This morning I decided to cycle instead of run and I took a slightly different route and, before returning home, took a break and sat on a bench and stared out over the beach and talked to God.

My head has been all over the place recently. Change has swooped in like an eagle swooping down to catch its pray, and with it it has removed different people and situations from my life. I have lost people who I thought would be around forever, people who knew more about me than anyone else. I left my job that had become my security blanket for the past ten months; life might get hard but I could always rely on the fact that I was going back into the office on Monday to take my mind off everything, as much as I hated being there.

I have also gained things; I’m going to college in September, I’m helping with my Church’s Holiday Bible Club and another kid’s club in the south of Ireland.

And after that I’ve already started to plan, mostly in my head, adventures next summer.

The past thirteen months have been thirteen of the hardest months I think I have ever lived. They have been relentless in breaking me down and tearing me apart, but they haven’t been wasted. I can already see God using all the stress and the struggles to change me, to make me see Him more clearly; He does not waste pain. And all these things in front of me that scare me a little bit will be opportunities to grow too.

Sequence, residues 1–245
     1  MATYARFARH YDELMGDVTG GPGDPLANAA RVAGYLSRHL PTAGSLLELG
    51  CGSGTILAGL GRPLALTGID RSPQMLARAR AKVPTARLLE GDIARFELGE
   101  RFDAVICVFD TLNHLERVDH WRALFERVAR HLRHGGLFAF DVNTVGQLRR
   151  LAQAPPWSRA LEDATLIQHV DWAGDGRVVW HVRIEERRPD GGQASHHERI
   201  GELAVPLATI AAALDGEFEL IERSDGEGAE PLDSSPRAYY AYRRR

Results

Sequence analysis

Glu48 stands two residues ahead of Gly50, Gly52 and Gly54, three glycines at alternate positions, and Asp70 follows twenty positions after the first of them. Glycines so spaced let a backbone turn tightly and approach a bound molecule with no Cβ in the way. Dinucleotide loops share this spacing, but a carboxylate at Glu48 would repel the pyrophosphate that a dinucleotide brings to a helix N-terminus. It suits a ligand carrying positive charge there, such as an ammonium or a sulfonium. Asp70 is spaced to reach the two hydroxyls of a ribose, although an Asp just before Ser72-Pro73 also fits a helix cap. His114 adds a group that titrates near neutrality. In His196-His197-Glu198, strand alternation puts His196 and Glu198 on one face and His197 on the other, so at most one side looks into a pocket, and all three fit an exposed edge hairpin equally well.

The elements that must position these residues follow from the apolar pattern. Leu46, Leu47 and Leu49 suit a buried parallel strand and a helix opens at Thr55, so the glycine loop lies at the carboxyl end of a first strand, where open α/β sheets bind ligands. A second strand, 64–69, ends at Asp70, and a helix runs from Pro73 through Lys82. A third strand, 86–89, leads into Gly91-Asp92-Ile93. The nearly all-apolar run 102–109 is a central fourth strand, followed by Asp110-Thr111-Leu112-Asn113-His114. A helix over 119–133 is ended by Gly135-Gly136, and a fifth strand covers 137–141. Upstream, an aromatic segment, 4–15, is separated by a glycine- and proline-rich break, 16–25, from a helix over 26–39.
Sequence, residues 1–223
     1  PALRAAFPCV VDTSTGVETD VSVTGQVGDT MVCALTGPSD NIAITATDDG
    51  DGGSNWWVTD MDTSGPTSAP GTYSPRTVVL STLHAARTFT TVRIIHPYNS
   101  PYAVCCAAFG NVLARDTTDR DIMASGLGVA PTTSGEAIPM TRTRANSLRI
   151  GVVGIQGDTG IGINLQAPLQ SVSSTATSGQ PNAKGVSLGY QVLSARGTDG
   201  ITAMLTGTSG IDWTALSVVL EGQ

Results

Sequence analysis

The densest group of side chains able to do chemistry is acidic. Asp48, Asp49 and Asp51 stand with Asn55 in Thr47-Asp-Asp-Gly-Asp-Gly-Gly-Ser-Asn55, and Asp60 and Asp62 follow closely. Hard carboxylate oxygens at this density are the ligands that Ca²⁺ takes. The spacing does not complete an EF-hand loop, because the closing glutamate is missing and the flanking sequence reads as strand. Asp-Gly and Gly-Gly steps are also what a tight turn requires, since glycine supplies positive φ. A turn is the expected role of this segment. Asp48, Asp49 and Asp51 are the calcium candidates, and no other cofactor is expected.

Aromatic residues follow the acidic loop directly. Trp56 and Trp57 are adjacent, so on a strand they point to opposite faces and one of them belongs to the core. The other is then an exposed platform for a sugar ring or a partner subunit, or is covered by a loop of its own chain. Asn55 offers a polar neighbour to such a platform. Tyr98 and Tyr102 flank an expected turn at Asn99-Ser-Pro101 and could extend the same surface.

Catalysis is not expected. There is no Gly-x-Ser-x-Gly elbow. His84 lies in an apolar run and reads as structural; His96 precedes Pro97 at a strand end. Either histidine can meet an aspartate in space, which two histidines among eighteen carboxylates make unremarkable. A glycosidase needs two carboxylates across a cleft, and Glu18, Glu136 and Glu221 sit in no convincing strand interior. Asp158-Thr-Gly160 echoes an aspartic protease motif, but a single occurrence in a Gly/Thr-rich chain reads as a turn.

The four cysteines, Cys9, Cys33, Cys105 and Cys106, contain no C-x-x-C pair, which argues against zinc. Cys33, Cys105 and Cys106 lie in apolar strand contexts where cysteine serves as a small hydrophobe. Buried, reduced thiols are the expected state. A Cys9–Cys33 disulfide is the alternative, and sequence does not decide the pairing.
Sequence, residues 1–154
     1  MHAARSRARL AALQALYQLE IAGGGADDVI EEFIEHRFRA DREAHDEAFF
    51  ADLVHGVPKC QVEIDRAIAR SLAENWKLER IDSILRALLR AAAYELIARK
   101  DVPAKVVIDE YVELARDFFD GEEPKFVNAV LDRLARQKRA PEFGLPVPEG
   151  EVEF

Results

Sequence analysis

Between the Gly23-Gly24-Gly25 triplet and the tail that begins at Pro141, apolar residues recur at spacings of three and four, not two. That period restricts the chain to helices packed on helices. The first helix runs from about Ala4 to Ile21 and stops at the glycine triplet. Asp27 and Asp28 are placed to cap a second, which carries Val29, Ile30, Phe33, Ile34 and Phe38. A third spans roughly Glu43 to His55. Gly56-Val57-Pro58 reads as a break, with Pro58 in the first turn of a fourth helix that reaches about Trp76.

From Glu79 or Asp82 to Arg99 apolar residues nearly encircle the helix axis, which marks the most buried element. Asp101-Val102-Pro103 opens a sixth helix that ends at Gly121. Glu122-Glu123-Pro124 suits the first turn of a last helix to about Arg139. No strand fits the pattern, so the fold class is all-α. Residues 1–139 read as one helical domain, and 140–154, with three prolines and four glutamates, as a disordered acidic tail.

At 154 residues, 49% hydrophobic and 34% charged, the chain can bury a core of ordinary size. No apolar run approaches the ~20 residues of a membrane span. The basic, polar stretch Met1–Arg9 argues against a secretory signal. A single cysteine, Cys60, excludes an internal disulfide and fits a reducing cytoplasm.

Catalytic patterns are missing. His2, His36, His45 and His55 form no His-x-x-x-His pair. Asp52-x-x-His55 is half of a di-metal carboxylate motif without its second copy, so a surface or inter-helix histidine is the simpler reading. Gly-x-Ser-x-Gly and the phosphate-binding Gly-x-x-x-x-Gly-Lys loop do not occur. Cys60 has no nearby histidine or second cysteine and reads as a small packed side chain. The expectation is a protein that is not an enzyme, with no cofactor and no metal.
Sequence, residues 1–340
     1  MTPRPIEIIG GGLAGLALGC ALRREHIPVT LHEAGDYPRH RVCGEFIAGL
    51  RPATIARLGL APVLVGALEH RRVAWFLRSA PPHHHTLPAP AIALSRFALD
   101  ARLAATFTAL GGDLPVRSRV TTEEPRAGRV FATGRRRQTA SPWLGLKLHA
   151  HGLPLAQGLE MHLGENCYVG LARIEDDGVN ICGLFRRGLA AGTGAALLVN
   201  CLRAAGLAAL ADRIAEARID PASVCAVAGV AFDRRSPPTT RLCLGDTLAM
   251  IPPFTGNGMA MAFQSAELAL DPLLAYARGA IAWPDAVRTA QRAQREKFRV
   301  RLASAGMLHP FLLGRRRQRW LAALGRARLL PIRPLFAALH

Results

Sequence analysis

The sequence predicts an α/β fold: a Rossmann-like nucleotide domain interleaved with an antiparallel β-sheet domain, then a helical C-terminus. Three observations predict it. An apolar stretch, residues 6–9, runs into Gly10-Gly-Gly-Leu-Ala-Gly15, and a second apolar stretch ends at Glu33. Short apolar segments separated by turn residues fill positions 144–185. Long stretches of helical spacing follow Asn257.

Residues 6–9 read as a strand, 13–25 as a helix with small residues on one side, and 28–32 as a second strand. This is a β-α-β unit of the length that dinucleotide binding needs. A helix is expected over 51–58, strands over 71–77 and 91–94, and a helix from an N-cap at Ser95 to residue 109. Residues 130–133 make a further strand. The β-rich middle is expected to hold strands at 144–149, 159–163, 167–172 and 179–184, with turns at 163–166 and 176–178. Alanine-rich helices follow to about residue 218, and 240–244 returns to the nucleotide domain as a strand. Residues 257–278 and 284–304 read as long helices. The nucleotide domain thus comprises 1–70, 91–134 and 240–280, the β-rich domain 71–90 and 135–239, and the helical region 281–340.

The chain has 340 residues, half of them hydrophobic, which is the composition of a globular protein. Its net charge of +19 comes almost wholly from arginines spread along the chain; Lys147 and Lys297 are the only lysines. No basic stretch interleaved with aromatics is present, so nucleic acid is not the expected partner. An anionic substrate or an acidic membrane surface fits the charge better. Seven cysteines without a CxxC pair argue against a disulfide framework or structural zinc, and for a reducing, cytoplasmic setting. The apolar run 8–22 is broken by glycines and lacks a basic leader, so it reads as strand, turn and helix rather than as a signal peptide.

I could never settle for the monotony of what life has been for the past year and God has used that to motivate me to make things better for myself.

One of the best things about God is that He does encourage us to make changes, but He always remains the same, He is always consistent. That is why we can find our security in Him and not be afraid that everything is changing, because He never will.


Figuring out what I don’t want to do.

Next Thursday I’m leaving my job. After ten months of madness I am leaving and in September I’ll be starting a full time course in professional cookery at college. I am beyond excited to finally be doing something I love that is one step closer to my dream of one day owning a cafe (I’m going to call it Annie’s ’cause I’m super original).

I’ve said since day one of my employment that nothing within my skill set or personality was suited to the job I was being asked to do. I’m an introvert (as discussed in my post, Introversion and Being Introverted) but in my job I have to spend my whole day talking to people, working as part of a team, and doing and saying the same things over and over again. It’s very monotonous and the repetition sends me mad at times. Sometimes it knocked my confidence a little, knowing that most of the people I work with are good at all the things I’m bad at, but then I’m reminded of the fact that I’m good at so many other things.

I’m a creative person and have probably been subconsciously looking for something like cookery for a long time now. I loved my degree and found it really interesting but I don’t know if academia was really for me. I have a short attention span and always struggled to spend hours studying, I wanted to be up doing things, making things, creating; sitting in the library for hours at a time took more energy out of me than spending a day on my feet cooking ever would.